5

What I see is just a simple if/then/else. What I am looking for is to be able to add multiple options, more than yes/no.

I use a motor as a switcher, so I rotate it to some position and measure its degrees to switch the mode of the robot and there are going to be more than 2 modes, like 4-8. How can I do it in an elegant way?

4 Answers 4

5

I just discovered this a few days ago. If you use "Numeric" as the input type and switch to tabbed view, you can have a select/case/default type instruction instead of if/then. It also works with text input as well as as some sensors.

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2

I would suggest stacking your switch statements by placing switch statements into one another like in the below image. Make sure your conditions overlap, so you are only testing for values in A1 and A2 that are WITHIN your A condition, same for B.

Switches in a switch

1

Yes, multiple switch statements can be nested inside each other.

However, given the problem of a measuring a motor's rotation and converting that into a user choice doing the math first and using that result in a single switch statement is possible.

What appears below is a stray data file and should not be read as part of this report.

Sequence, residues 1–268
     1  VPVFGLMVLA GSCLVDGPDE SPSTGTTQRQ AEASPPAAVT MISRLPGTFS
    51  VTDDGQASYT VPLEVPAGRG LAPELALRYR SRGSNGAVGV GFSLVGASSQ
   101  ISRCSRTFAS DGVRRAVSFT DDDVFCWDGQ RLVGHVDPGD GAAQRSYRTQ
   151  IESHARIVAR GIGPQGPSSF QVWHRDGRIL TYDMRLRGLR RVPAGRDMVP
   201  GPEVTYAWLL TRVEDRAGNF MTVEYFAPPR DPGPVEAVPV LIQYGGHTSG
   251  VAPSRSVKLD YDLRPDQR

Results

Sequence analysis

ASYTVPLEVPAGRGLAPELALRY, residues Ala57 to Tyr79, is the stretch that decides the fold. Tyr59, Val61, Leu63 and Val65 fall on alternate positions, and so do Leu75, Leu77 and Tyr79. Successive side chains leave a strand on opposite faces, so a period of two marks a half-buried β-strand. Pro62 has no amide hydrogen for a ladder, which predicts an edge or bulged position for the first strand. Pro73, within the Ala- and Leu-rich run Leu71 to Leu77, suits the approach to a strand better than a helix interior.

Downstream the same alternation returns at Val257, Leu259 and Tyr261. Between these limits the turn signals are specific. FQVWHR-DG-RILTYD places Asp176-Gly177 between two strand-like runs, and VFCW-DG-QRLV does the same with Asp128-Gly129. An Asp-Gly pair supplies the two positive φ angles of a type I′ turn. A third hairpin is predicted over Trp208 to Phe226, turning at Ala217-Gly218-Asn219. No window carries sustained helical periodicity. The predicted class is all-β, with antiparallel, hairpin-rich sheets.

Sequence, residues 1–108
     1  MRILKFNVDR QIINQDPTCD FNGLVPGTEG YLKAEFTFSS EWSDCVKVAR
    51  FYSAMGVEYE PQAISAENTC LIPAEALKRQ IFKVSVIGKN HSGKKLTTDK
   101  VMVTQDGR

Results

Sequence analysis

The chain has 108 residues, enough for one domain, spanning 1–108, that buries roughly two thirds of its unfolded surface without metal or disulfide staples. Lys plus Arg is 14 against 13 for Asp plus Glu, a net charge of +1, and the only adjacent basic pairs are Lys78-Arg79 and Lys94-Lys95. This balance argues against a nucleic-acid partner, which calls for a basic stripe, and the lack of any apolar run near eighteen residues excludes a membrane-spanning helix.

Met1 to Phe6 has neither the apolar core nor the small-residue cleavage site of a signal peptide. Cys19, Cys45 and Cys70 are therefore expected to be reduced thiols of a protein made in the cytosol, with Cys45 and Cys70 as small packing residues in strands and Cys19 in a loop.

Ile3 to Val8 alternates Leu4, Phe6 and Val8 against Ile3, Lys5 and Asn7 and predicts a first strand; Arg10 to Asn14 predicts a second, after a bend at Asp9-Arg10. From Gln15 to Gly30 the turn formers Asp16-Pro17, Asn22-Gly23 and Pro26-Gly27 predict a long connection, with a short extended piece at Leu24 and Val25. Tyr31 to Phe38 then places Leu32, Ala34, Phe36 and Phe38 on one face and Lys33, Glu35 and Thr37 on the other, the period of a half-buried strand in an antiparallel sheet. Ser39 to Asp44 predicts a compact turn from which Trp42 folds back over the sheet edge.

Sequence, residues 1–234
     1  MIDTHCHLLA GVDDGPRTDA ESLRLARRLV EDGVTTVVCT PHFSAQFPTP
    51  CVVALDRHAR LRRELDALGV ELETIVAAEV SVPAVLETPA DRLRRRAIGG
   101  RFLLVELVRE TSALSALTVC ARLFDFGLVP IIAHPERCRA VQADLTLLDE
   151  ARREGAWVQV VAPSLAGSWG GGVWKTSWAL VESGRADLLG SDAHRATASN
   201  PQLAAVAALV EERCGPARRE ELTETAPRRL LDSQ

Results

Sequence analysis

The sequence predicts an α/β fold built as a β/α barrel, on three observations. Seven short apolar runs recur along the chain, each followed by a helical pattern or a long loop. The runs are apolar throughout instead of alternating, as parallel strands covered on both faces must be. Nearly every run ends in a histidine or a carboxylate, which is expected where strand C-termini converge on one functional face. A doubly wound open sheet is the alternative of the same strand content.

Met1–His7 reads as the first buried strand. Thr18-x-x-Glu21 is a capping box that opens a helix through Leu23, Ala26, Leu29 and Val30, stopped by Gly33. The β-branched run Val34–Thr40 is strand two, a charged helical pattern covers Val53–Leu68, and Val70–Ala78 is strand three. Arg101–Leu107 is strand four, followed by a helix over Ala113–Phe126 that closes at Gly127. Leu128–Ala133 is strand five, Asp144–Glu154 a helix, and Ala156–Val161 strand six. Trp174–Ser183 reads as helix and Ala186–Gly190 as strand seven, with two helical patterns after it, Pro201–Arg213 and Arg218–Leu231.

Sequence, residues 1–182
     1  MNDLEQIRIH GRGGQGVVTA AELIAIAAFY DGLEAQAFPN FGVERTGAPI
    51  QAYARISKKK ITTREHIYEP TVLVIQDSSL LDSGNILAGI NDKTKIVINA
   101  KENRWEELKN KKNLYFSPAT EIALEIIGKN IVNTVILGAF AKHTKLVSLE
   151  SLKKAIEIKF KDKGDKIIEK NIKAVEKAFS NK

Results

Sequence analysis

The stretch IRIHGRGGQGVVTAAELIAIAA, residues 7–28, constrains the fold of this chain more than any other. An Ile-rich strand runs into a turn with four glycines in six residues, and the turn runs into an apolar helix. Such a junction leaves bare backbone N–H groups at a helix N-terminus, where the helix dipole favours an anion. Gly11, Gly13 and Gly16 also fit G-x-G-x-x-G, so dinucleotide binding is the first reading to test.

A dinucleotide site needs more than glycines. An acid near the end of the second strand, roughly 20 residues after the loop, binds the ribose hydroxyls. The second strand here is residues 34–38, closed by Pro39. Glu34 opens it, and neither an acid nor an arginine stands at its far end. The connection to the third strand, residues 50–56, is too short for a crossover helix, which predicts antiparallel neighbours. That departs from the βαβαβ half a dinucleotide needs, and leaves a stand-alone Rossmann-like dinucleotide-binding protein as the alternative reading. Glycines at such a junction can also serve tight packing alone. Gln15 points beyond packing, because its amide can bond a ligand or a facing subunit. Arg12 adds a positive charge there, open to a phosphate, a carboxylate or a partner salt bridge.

Also, the logic will need to run more than once and give the user some indication of the current selection. That much, might look like this:

enter image description here

0

It depends on what problem you're trying to solve. If you need a large, multi-part switch statement, then Sergei's answer above is genius and definitely correct. I just discovered that the first if counts as the default. This is different than C or Java where the default condition is optionally coded at the bottom of a switch statement. The only time nested if statements make sense is if it creates clarity within the program. I'd much rather look at one large switch block with all of the cases listed than to see it broken up with multiple if/else blocks. i.e.

if
else if
else if
else if
else

looks a lot more clear than a messy bunch of nested if/else statements.

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